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In wake of legal battle, Success Academy gives up push for middle school space

Success Academy has repeatedly fought the city for space. CEO Eva Moskowitz and parents protested at a Harlem school earlier this year.
Success Academy has repeatedly fought the city for space. CEO Eva Moskowitz and parents protested at a Harlem school earlier this year.
Christina Veiga

This summer, parents rallied at the steps of City Hall and crammed into town hall meetings to demand space for a new Success Academy charter middle school. The network’s combative CEO penned an open letter calling on the mayor to act.

After a last-ditch attempt to secure an emergency order that would have allowed Success Academy Lafayette to open inside a Brooklyn elementary school, the city’s largest charter network gave up its fight.

The principal of the new school emailed parents Thursday to say it would instead open less than a mile away, inside a building that already houses Success Academy Myrtle Middle School.

“With less than a month before school starts, we can’t wait any longer,” wrote principal Kristin Damo.

The retreat marks another chapter in a bitter and long-running battle for space for charter schools. While Success CEO Eva Moskowitz has accused the city of dragging its feet to give the charter network room in district buildings, the education department says finding suitable spaces to share is often tricky.

The network’s latest plans were dashed by a fraught legal battle to keep a tiny district school open.

Success had planned to open inside P.S. 25, also known as the Eubie Blake School, a Bedford-Stuyvesant elementary school that had been slated for closure by the education department after enrollment plummeted — it’s slated to enroll just 60 students in the fall. But P.S. 25 was granted a reprieve after parents sued, and a judge blocked the closure until their case is heard.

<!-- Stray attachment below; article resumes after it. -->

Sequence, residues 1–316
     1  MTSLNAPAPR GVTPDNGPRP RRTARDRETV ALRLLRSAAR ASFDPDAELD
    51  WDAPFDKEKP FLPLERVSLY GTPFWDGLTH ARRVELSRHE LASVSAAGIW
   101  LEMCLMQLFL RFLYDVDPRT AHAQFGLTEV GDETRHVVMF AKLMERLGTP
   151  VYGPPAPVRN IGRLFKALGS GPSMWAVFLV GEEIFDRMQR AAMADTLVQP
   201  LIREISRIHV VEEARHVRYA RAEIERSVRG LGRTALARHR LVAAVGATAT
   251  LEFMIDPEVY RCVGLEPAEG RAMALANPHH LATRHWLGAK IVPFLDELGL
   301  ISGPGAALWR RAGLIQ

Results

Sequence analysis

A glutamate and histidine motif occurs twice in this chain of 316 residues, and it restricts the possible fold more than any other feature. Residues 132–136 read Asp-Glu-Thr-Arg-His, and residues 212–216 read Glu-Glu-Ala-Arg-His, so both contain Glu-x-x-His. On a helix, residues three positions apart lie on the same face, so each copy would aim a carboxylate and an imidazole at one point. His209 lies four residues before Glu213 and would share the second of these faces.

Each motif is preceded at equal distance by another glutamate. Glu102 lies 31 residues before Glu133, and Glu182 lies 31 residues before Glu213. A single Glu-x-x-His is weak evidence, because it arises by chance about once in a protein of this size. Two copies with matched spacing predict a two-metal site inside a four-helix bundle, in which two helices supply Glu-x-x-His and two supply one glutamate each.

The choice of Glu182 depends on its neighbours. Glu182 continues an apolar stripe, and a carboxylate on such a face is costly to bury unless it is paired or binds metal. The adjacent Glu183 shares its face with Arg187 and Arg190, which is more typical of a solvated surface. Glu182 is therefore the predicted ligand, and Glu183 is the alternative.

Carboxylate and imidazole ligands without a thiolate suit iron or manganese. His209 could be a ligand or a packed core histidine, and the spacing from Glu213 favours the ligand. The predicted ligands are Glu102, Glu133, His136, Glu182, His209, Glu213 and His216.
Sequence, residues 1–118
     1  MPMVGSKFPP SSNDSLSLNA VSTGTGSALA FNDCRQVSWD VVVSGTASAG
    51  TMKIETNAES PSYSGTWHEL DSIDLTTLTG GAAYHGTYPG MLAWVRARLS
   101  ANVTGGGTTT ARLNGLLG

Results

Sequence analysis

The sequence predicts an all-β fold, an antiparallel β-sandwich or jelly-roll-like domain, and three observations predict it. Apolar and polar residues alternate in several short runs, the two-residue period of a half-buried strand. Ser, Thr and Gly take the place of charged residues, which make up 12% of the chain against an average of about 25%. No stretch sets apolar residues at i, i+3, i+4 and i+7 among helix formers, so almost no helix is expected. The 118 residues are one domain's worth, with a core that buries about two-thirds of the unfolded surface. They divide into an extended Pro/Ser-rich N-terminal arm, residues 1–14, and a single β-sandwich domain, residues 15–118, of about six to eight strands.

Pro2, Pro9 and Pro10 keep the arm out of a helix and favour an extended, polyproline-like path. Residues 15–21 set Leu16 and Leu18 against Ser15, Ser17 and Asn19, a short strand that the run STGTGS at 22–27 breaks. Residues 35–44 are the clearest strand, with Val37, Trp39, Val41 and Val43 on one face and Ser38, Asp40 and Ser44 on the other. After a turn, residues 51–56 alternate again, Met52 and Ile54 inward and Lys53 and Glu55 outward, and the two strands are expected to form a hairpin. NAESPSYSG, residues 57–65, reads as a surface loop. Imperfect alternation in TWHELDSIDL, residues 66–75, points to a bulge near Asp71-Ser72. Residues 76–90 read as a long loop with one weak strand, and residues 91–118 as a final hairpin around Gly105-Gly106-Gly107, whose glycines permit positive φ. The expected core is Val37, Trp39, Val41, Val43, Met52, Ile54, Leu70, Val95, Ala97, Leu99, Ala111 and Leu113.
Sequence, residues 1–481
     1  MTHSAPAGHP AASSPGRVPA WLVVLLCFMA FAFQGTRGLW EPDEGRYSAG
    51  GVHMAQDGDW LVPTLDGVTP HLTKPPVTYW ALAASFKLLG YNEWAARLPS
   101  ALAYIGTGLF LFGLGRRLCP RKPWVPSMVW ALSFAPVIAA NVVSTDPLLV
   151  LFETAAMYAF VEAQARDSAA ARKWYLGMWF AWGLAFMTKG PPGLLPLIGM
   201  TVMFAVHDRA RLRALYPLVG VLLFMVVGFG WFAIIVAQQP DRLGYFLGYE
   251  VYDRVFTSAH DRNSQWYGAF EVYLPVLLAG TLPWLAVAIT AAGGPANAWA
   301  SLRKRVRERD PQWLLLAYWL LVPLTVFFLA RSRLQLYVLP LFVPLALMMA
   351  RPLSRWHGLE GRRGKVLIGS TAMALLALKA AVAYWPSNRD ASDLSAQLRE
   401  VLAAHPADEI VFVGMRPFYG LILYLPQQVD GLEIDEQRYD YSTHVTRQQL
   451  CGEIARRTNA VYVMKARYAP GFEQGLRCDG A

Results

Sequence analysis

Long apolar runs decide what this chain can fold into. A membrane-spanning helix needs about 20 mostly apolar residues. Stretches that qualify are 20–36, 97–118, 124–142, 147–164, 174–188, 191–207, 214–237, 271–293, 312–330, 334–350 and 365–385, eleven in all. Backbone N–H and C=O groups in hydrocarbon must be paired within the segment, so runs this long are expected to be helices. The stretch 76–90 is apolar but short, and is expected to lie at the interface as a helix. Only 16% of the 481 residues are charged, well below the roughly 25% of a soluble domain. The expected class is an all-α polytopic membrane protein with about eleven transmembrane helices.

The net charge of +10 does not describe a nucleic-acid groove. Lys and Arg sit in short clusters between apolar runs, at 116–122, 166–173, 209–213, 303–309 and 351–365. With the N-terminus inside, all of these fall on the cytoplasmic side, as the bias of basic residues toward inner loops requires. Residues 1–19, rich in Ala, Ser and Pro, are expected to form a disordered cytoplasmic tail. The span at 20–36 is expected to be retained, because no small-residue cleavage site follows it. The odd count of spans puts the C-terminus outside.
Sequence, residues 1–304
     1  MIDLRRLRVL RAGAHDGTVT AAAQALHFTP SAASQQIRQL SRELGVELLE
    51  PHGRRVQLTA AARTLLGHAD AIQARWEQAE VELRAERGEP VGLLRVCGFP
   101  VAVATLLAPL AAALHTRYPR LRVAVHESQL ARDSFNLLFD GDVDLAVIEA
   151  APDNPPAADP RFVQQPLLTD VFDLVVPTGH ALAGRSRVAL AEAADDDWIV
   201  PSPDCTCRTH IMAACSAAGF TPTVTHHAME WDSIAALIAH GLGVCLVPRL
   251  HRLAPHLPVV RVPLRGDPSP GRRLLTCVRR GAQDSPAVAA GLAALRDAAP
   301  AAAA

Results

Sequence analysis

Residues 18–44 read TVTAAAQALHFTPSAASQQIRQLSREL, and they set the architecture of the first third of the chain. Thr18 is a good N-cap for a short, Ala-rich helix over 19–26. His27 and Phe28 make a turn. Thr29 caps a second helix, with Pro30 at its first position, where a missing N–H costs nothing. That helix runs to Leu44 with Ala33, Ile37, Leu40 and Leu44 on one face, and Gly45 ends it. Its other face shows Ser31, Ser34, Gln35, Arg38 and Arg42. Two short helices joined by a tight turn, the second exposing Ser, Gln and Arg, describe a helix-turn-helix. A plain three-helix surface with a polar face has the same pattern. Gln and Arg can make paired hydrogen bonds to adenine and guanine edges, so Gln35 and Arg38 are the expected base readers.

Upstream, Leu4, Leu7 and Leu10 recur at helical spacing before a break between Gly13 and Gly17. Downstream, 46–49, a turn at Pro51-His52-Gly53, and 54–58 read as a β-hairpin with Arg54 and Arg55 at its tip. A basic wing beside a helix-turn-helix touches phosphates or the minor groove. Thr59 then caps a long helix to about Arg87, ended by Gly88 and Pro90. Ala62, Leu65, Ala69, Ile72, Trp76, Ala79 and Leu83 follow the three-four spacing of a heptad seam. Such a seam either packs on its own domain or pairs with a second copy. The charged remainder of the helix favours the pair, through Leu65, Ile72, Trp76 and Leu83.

The charter network had already operated an elementary school inside P.S. 25 and planned to convert the space into a middle school for grades five through eight. Success transferred its elementary students to other locations to make room for about 70 middle schoolers. Then came the judge’s decision to keep P.S. 25 open.

In a letter to Success Academy parents, the education department said the legal battle prevented the middle school from opening.

“The judge has ordered that P.S. 25 remain open while litigation is pending, preventing us from siting a new Success Academy middle school in the building,” Deputy Chancellor Elizabeth Rose wrote in a June 22nd letter.

The problem came down to timing, according to education department spokesman Doug Cohen. The city needs to study how the district school and charter school would share space in the same building, but the surprise decision to keep P.S. 25 open meant the education department couldn’t meet the required deadline to do so.

Success supporters held out hope that schools Chancellor Richard Carranza would issue an emergency order at a city meeting Wednesday night to allow the middle school to open as planned. Officials for the charter network say there is still room for them in the building, since they don’t plan on taking any more space than their elementary school had.

But the city declined to act, and Success relinquished the battle for now. Success spokeswoman Anne Michaud said the network hasn’t given up its push to find the middle school a permanent home, but needed to move forward for the coming year.

“School is starting in less than a month,” Michaud said. “People need to make plans.”

Clarification: This story has been updated to clarify when the judge’s order to keep P.S. 25 open was issued.

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